PubMed 23842739

Referenced in Channelpedia wiki pages of: none

Automatically associated channels: Cav1.2

Title: Enhanced Ca(2+) influx through cardiac L-type Ca(2+) channels maintains the systolic Ca (2+) transient in early cardiac atrophy induced by mechanical unloading.

Authors: A P Schwoerer, S Neef, I Broichhausen, J Jacubeit, M Tiburcy, M Wagner, D Biermann, M Didié, C Vettel, L S Maier, W H Zimmermann, L Carrier, T Eschenhagen, T Volk, A El-Armouche, H Ehmke

Journal, date & volume: Pflugers Arch., 2013 Jul 11 , ,

PubMed link:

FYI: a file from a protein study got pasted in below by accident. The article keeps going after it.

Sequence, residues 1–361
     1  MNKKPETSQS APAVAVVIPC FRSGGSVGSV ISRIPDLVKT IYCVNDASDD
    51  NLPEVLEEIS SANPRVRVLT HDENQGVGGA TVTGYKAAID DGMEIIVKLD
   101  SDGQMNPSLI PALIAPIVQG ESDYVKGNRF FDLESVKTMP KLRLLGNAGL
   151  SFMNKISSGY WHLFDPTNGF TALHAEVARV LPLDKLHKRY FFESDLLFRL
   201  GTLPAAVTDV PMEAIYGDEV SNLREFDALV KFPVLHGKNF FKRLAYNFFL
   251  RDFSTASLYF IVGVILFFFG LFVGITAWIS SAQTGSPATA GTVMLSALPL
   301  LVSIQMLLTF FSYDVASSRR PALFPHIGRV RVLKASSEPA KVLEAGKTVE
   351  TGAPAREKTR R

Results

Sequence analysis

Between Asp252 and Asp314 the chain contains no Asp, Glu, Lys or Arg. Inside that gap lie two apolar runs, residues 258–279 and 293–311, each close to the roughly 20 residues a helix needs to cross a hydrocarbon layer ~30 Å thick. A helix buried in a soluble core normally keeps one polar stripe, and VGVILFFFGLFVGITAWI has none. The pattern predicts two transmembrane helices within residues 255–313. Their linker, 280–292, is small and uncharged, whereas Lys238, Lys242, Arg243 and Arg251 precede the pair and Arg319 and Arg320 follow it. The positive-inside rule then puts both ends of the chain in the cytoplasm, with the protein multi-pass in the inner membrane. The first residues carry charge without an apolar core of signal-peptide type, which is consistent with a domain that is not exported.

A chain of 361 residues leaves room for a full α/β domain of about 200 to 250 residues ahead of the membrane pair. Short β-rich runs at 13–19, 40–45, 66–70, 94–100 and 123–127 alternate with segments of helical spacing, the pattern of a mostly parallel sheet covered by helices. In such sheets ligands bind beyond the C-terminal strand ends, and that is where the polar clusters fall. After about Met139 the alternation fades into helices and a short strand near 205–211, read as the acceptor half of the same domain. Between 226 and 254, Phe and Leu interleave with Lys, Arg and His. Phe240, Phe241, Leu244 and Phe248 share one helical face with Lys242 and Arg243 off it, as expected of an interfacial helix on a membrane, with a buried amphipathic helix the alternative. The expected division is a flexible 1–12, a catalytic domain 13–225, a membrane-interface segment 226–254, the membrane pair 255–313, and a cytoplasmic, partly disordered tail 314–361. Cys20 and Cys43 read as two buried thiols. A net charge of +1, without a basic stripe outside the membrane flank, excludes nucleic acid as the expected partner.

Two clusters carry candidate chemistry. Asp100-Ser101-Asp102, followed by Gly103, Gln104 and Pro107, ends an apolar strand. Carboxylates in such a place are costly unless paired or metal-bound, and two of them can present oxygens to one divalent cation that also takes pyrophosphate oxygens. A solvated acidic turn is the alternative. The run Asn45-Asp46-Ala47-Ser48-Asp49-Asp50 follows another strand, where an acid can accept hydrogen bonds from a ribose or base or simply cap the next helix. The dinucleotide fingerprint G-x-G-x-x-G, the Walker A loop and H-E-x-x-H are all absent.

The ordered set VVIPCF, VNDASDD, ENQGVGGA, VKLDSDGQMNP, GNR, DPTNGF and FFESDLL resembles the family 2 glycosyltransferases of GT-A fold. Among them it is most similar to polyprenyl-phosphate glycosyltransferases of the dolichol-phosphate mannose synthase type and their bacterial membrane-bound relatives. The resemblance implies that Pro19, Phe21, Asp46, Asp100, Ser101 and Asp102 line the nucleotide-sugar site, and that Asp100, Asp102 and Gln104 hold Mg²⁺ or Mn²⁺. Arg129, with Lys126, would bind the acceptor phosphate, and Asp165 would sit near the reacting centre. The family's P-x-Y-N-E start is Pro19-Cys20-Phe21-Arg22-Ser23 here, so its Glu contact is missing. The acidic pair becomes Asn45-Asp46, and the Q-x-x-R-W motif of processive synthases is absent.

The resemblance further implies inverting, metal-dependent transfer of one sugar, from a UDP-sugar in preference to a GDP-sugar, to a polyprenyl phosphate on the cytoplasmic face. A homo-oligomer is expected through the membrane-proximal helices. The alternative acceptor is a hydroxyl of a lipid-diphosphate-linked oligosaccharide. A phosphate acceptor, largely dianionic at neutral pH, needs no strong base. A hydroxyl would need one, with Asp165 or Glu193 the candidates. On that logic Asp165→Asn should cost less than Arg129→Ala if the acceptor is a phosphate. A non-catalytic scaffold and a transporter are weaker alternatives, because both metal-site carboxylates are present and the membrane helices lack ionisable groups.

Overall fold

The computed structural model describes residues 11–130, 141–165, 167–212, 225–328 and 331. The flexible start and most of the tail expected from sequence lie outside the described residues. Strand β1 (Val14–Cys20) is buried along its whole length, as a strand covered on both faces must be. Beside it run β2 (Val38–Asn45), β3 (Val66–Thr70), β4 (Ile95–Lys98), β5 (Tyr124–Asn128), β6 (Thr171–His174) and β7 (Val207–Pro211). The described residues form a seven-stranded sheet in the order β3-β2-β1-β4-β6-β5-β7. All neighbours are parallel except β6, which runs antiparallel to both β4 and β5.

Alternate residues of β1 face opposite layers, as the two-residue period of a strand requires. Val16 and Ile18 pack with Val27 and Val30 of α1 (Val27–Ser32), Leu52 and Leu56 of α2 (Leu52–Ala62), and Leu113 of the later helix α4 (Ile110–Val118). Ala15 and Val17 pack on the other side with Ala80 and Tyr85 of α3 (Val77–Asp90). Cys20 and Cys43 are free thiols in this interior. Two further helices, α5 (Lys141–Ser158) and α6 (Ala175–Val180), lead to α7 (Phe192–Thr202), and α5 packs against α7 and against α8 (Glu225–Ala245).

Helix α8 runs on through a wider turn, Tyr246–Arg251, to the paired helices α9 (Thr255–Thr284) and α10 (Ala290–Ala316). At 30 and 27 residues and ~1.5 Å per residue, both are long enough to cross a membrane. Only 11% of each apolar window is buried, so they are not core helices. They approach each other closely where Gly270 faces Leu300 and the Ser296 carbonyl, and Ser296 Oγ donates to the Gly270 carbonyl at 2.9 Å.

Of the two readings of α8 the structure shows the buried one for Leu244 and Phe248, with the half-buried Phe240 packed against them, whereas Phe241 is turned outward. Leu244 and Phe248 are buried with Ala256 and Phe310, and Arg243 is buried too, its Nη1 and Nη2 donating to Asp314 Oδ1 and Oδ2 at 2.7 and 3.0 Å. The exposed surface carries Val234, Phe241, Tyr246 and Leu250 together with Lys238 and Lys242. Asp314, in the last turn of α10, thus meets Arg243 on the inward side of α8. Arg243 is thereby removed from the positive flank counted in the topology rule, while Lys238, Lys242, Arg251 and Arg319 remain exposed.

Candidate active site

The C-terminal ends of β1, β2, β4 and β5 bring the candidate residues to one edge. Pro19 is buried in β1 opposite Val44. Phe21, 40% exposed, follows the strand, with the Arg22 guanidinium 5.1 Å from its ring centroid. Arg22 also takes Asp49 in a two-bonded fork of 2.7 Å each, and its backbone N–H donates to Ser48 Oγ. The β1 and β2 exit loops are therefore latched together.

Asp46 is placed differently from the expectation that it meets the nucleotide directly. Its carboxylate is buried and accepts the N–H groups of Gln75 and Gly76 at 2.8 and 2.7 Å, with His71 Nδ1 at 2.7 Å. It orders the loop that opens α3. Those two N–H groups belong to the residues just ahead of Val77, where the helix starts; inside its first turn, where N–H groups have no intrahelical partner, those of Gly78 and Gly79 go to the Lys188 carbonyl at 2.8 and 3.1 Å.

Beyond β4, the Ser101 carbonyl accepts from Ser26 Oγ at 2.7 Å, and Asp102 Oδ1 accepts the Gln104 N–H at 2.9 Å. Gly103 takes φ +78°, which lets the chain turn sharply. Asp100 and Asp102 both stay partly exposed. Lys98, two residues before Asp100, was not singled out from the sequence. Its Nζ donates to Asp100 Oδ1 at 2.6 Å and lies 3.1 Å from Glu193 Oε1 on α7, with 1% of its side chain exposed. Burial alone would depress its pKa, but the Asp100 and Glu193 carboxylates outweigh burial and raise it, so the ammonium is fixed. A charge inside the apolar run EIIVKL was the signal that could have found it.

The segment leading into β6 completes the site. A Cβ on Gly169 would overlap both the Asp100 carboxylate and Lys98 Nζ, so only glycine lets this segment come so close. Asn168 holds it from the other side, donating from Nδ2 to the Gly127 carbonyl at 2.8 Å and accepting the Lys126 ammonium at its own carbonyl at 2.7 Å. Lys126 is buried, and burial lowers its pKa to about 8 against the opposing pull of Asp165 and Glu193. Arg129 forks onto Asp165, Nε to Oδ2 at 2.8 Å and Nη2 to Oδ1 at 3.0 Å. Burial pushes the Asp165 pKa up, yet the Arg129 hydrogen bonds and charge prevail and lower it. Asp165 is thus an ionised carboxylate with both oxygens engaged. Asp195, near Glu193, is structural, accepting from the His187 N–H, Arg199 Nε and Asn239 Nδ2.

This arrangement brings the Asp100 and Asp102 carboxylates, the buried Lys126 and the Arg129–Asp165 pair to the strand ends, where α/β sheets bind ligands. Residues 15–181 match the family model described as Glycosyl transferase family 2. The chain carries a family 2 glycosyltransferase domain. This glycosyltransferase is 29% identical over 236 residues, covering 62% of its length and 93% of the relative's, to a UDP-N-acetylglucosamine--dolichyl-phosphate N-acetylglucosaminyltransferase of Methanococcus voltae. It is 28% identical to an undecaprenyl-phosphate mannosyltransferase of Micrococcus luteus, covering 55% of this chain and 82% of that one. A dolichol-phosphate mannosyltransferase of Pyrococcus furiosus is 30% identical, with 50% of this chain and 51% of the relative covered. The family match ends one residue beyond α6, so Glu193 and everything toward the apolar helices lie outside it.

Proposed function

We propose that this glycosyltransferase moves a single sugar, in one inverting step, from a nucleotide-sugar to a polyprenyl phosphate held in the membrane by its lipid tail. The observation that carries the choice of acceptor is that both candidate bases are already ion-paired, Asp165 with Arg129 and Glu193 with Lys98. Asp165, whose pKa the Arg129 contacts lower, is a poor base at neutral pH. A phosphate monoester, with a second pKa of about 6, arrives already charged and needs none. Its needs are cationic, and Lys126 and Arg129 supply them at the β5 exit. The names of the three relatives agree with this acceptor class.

Cardiac atrophy as a consequence of mechanical unloading develops following exposure to microgravity or prolonged bed rest. It also plays a central role in the reverse remodelling induced by left ventricular unloading in patients with heart failure. Surprisingly, the intracellular Ca(2+) transients which are pivotal to electromechanical coupling and to cardiac plasticity were repeatedly found to remain unaffected in early cardiac atrophy. To elucidate the mechanisms underlying the preservation of the Ca(2+) transients, we investigated Ca(2+) cycling in cardiomyocytes from mechanically unloaded (heterotopic abdominal heart transplantation) and control (orthotopic) hearts in syngeneic Lewis rats. Following 2 weeks of unloading, sarcoplasmic reticulum (SR) Ca(2+) content was reduced by ~55 %. Atrophic cardiac myocytes also showed a much lower frequency of spontaneous diastolic Ca(2+) sparks and a diminished systolic Ca(2+) release, even though the expression of ryanodine receptors was increased by ~30 %. In contrast, current clamp recordings revealed prolonged action potentials in endocardial as well as epicardial myocytes which were associated with a two to fourfold higher sarcolemmal Ca(2+) influx under action potential clamp. In addition, Cav1.2 subunits which form the pore of L-type Ca(2+) channels (LTCC) were upregulated in atrophic myocardium. These data suggest that in early cardiac atrophy induced by mechanical unloading, an augmented sarcolemmal Ca(2+) influx through LTCC fully compensates for a reduced systolic SR Ca(2+) release to preserve the Ca(2+) transient. This interplay involves an electrophysiological remodelling as well as changes in the expression of cardiac ion channels.